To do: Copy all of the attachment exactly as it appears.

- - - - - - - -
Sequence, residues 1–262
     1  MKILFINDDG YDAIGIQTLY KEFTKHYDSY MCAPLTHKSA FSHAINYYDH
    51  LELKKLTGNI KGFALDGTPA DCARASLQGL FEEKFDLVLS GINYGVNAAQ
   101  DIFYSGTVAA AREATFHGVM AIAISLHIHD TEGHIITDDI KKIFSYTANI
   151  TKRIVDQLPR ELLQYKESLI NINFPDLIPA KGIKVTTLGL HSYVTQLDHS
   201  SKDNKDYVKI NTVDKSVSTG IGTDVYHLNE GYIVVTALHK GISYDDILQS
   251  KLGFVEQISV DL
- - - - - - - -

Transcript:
Sequence, residues 1–262
     1  MKILFINDDG YDAIGIQTLY KEFTKHYDSY MCAPLTHKSA FSHAINYYDH
    51  LELKKLTGNI KGFALDGTPA DCARASLQGL FEEKFDLVLS GINYGVNAAQ
   101  DIFYSGTVAA AREATFHGVM AIAISLHIHD TEGHIITDDI KKIFSYTANI
   151  TKRIVDQLPR ELLQYKESLI NINFPDLIPA KGIKVTTLGL HSYVTQLDHS
   201  SKDNKDYVKI NTVDKSVSTG IGTDVYHLNE GYIVVTALHK GISYDDILQS
   251  KLGFVEQISV DL